On Thursday, July 4 at 7:30 pm, join Dr. Carmen Robertson as she discusses the work of Norval Morrisseau in conjunction with the Thunder Bay Art Gallery’s exhibition Morrisseau: Works on Paper.

Norval Morrisseau’s entrance onto the Canadian art scene in 1962 introduced a unique artistic language steeped in Ahnisnabae cultural traditions. Melding oral narratives, personal storytelling, and a visual language that draws on indigenous visual elements, Morrisseau’s art serves as a hybrid form of visual narratives. His work draws on a range of influences in order to shape stories on canvas that reach back to the past, take from the present, and exert a transformative influence on the future. Dr. Robertson’s lecture will discuss works by Morrisseau that confirm the importance of narrative in his art and acknowledge the multi-layered stories embedded in his artwork.

Dr. Robertson has taught at the University of Regina since 2006. Previously, she was the head of the Indian Fine Arts department and an instructor of Indian Art History at the First Nations University of Canada. A specialist in contemporary Canadian indigenous art history, visual culture, and colonial issues, she has received two grants from the Social Sciences and Humanities Research Council and has written and published widely. Her Lakota-Scottish ancestry has influenced her research and teaching directions in numerous ways. Recently, she completed a large historical study of how the Canadian press has imagined indigenous peoples since confederation that culminated in Seeing Red: A History of Natives in Canada’s Newspapers (published in 2011, and co-written with Mark C. Anderson). Her recent research has focused on the media and popular culture constructions of indigenous peoples and how contemporary artists have ‘talked back’ to these tropes. This theme has been developed in several projects including her current book project related to Ahnisnabae artist Norval Morrisseau and his role as a trailblazer in contemporary Canadian art history. Dr. Robertson is a board member of the Norval Morrisseau Heritage Society and is currently the past-president of the Native Heritage Foundation of Canada.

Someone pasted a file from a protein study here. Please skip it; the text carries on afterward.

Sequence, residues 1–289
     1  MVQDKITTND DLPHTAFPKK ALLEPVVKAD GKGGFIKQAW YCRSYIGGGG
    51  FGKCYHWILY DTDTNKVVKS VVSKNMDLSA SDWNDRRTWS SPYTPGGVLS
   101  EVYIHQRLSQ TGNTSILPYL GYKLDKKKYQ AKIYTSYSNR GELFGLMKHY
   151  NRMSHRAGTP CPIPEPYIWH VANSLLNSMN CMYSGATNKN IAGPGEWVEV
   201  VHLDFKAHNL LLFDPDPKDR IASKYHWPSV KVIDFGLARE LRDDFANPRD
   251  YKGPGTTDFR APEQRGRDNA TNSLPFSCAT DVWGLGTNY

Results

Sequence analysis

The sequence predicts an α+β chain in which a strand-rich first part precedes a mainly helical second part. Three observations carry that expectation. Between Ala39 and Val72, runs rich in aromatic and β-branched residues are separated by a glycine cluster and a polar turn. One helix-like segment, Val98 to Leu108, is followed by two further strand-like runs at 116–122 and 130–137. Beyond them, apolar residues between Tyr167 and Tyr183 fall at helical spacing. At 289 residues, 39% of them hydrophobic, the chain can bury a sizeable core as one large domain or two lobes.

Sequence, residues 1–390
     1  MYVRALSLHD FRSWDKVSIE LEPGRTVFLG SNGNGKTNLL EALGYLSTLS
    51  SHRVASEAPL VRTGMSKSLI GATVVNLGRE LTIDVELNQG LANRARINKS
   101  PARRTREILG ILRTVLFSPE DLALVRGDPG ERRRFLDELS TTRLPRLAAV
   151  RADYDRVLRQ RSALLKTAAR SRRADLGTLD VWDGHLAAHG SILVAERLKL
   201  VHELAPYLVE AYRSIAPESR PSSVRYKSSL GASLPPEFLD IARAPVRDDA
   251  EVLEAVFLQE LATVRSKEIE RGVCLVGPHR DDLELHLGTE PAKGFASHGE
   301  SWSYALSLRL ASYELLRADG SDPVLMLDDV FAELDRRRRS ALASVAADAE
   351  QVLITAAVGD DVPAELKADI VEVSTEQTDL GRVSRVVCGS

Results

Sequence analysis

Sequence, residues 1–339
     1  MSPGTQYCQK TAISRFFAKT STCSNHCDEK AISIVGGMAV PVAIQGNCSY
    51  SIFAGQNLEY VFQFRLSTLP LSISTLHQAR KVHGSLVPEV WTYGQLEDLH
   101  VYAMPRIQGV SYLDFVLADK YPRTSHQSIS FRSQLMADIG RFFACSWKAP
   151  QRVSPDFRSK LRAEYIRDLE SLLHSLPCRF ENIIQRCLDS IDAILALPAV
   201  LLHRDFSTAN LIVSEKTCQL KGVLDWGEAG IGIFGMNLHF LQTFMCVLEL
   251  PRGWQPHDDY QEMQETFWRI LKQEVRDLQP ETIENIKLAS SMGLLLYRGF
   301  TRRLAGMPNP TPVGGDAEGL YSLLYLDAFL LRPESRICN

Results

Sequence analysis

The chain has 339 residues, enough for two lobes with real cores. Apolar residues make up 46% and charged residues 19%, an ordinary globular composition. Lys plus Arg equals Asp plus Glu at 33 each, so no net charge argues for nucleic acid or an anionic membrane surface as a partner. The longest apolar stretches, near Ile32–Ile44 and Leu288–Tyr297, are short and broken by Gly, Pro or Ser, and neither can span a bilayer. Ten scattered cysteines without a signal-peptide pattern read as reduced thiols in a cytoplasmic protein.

This lecture is co-presented and supported by the Department of Aboriginal Education at Lakehead University’s Faculty of Education; it is open to the public, donations welcomed.